One day after a collision killed at least seven commuters on Washington's underground system, a senior federal transport official revealed that managers of the network had been told three years ago to make important safety upgrades to parts of its fleet but had never done so.
Cranes and heavy lifting equipment were still on the scene last night, prying apart the two trains involved in the accident which happened during Monday's evening rush hour. One train was stationary as a second train struck it from behind, crushing and ripping open carriages. The death toll was expected to rise further with some passengers in hospital with critical injuries. It was the worst crash in the system's 33-year history and occurred on the Red Line, the busiest branch in the network. Nearly 80 people were taken to hospital. Mayor Adrian Fenty said one carriage had been squashed to about one third of its original size.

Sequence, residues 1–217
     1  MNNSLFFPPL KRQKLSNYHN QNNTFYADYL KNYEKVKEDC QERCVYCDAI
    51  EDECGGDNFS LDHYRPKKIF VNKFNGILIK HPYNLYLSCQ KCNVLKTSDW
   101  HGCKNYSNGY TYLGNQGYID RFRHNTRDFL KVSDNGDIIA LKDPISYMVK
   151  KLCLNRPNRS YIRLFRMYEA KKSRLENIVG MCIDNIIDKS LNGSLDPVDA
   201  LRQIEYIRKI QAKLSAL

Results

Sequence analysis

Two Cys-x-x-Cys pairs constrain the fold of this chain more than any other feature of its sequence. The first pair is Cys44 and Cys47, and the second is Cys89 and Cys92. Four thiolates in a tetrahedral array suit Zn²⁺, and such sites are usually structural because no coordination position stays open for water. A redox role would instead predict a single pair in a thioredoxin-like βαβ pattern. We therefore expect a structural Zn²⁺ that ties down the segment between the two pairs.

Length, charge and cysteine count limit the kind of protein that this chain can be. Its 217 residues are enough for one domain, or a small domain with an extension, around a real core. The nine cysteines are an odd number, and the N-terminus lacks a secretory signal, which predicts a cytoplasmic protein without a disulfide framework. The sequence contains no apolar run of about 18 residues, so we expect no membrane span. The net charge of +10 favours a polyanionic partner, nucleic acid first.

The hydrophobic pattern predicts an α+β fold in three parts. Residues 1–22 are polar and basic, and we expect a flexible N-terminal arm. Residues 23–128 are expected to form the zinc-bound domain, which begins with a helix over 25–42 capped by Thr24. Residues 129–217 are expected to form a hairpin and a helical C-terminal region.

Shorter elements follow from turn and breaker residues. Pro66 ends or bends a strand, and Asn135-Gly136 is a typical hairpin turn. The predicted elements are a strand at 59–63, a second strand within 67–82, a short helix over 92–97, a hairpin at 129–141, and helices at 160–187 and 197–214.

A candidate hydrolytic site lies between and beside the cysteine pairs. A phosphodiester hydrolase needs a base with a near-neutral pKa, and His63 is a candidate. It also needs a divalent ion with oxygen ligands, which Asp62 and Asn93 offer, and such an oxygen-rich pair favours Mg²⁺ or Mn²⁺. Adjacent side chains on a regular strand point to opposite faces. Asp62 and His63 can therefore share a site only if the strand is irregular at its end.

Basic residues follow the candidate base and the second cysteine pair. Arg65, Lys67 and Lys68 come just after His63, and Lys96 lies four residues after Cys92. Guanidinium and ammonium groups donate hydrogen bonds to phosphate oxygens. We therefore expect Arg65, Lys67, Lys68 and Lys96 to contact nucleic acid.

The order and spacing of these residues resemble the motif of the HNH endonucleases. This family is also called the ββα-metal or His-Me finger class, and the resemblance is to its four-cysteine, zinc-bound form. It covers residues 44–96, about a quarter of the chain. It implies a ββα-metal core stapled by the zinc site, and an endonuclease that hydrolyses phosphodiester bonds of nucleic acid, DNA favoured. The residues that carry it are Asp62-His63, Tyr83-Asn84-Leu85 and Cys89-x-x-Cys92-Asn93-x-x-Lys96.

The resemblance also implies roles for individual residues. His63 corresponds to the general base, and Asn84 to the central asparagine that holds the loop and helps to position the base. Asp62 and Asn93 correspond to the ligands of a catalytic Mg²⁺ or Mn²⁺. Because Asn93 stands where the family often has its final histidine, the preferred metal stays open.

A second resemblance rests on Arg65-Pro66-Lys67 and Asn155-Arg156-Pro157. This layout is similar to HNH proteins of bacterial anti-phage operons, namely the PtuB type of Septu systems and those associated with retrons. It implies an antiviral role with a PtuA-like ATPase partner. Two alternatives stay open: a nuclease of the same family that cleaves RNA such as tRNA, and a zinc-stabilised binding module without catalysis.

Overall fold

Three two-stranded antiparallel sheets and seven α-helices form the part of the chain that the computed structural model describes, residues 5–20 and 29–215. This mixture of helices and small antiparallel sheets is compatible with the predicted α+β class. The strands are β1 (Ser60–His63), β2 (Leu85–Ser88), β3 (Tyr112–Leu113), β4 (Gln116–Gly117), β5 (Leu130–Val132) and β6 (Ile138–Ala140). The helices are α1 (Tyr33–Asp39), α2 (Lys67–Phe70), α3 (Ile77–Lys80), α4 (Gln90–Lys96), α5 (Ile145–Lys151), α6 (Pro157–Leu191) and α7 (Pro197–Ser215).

Deborah Hersman, chairwoman-designate of the National Transport Safety Board, was quick in her criticism of the management of the network saying the failure to upgrade equipment was "unacceptable". The second train was composed of some of the oldest carriages in the network and her agency had recommended in 2006 that they be retro-fitted or phased out because they were not sufficiently crash-worthy.
The agency, which took over the investigation of the crash, had also told managers of the Metrorail system to address the fact that the older trains were not fitted with recorder devices. Again no action had been taken.Reuse content